We all spend the first years of our lives as dependants, economically unproductive people who cannot provide for our needs. Many of us end our lives as dependants, and we use the word retirement to describe that period at the end of our lives during which we again are economically unproductive, though usually not altogether unproductive.
At any given moment, the means of paying for the living-costs of retired people can be derived only from wealth that is being generated or has previously been generated. We can debate whether that wealth is to be channelled through state spending on state pensions (financed by taxation and/or borrowing and/or the proceeds of privatisations and/or the sale of gold ingots stored in the vaults); whether the wealth is to be tapped by the liquidation of retired people’s accumulated assets, or by borrowing on the security of those assets; whether the wealth is to be accessed via the returns on the investments of pension schemes, or via current contributions to pension schemes, or via the payment of annuities that retired people have bought; whether the wealth is to be donated from the earnings and savings of the supportive families and charitable friends of retired people. The question as to which option or options should be used is an important question, but the options are a secondary matter. The wealth must first be there.
It is not clear how enough wealth will be generated , or can be generated, to enable the predicted population of retired people in Western societies to enjoy a comfortable standard of material living. This problem is related to the current economic crisis, but would still have arisen if no such crisis had occurred.
If, as things stand, not enough wealth will be generated or can be generated, something has to give.
Should we abandon the concept of retirement, as presently understood? That is to say, should those who at present retire, but who could still work, continue at work until the end of their lives or nearly the end? If so, will there be enough wealth-creating jobs that older people can reasonably be expected to do, and will they be happy to do them?
Should we make the creation of wealth (not necessarily material wealth, but marketable wealth as distinct from other types of wealth) a higher priority in Western societies? If so, by what means? On what timescale could it be done? What goals and activities would be relegated to a lower priority?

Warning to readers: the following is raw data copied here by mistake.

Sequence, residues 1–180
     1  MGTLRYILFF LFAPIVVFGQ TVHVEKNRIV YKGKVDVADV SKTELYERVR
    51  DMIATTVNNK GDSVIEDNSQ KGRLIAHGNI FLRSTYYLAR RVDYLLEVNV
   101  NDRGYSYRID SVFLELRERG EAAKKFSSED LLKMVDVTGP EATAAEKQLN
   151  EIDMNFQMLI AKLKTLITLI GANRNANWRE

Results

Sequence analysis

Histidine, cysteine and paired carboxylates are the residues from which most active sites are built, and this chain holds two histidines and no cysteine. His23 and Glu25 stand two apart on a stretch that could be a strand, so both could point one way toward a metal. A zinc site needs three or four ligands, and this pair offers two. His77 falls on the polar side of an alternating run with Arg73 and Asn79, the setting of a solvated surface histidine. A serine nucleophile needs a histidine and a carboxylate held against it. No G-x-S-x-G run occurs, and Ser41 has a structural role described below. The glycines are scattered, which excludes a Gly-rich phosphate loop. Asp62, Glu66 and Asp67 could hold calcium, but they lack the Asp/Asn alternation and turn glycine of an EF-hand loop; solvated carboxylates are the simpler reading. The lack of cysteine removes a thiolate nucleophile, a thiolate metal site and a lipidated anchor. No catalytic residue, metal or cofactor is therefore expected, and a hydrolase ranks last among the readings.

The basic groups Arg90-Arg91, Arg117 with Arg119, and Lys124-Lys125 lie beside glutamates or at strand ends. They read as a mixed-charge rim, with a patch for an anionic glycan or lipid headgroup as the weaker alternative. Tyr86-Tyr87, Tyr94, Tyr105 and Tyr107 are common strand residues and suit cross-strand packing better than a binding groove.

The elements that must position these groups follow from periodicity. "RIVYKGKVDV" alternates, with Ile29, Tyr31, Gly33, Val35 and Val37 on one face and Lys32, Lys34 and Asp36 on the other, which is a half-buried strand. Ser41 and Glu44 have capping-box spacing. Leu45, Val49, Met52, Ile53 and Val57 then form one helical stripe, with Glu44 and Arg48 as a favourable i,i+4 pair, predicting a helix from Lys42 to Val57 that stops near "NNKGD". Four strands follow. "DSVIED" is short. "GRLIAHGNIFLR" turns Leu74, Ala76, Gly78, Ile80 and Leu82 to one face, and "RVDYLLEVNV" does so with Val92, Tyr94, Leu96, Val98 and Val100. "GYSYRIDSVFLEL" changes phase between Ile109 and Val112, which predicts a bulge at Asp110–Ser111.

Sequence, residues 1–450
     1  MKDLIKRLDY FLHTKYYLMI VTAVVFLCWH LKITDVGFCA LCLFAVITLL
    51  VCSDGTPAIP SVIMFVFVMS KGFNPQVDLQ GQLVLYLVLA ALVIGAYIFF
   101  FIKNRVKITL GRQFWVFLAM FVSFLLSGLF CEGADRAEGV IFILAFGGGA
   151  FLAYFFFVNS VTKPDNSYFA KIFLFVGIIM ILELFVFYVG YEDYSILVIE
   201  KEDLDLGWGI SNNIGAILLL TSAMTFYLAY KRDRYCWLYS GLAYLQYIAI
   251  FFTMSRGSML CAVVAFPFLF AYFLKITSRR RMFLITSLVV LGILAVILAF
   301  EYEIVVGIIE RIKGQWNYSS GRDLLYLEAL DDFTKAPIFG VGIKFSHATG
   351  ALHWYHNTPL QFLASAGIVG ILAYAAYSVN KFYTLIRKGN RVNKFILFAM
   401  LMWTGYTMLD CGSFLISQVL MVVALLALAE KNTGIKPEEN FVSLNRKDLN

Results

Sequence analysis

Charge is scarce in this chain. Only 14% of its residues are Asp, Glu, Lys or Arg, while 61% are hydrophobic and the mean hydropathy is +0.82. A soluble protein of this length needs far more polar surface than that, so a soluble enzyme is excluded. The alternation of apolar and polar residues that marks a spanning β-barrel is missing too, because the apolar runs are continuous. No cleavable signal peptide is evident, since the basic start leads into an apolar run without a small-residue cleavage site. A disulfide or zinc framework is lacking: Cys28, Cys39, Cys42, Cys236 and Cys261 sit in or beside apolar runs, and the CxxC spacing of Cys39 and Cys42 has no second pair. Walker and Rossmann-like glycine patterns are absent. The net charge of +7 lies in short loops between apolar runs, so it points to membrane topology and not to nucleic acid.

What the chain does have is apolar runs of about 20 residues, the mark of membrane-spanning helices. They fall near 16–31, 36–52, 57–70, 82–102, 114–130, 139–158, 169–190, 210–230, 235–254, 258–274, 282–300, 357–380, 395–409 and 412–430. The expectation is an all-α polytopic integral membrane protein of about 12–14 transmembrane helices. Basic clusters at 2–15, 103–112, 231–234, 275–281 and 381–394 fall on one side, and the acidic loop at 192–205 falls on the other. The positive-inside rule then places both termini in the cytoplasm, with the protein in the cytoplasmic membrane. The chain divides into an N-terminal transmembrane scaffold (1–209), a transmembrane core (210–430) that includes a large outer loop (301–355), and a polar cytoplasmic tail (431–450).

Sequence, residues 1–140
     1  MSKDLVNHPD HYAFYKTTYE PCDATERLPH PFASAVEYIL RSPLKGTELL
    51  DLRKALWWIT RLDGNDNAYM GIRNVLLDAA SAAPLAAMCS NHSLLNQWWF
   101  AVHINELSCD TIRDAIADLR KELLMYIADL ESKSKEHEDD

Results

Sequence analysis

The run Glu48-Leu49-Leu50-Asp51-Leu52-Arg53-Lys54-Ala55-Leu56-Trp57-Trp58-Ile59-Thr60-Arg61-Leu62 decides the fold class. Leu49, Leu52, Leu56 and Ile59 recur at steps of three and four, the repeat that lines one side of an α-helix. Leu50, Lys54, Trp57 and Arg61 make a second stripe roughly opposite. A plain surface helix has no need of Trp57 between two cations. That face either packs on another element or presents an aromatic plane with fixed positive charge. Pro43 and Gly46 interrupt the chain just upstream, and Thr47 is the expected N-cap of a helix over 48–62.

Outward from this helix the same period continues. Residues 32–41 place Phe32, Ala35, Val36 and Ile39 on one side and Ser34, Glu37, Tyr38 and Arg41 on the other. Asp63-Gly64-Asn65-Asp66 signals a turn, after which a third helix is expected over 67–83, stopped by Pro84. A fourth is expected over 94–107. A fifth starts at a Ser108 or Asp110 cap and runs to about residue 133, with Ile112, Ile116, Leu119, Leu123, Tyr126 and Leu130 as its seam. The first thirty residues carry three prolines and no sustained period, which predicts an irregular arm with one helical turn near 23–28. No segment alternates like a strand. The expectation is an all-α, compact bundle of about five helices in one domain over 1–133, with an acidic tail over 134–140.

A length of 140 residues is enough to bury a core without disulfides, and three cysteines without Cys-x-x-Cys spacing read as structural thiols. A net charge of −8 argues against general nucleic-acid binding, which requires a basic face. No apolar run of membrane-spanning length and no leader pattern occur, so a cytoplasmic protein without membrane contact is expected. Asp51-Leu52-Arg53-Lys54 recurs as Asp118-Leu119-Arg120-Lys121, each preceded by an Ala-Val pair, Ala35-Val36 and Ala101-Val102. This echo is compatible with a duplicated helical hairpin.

Should we curb our ambitions for a comfortable standard of material living? That is to say, should we:
- settle for less during our productive years, so that those who have retired may live comfortably? or
- settle for a subsistence standard of material living in our retirement?
Can it be expected that many people in Western societies would voluntarily make such sacrifices?
We can postulate hypothetical changes that (according to some schools of economic thought) might mitigate the problem of creating enough wealth to fund comfortable retirement, but is any of the changes practicable now? Which of those hypothetical changes would give rise to the least bad negative externalities? If those changes had been practicable in the recent past, would they not have been implemented? Could any of them become practicable without the world having first to become a very different place?
Alternatively, if we cannot bring ourselves to take action, will the powers-that-be grasp the nettle for us? Will they decide that people who reach a certain age must be deprived of all economic support from the state? Or will the powers-that-be make real what has been foreshadowed in works of dystopian fiction: on reaching a certain age or a certain degree of infirmity, citizens must be deprived of medical treatment, or must in some other way be subjected to euthanasia?
[Original posting 30 September 2009]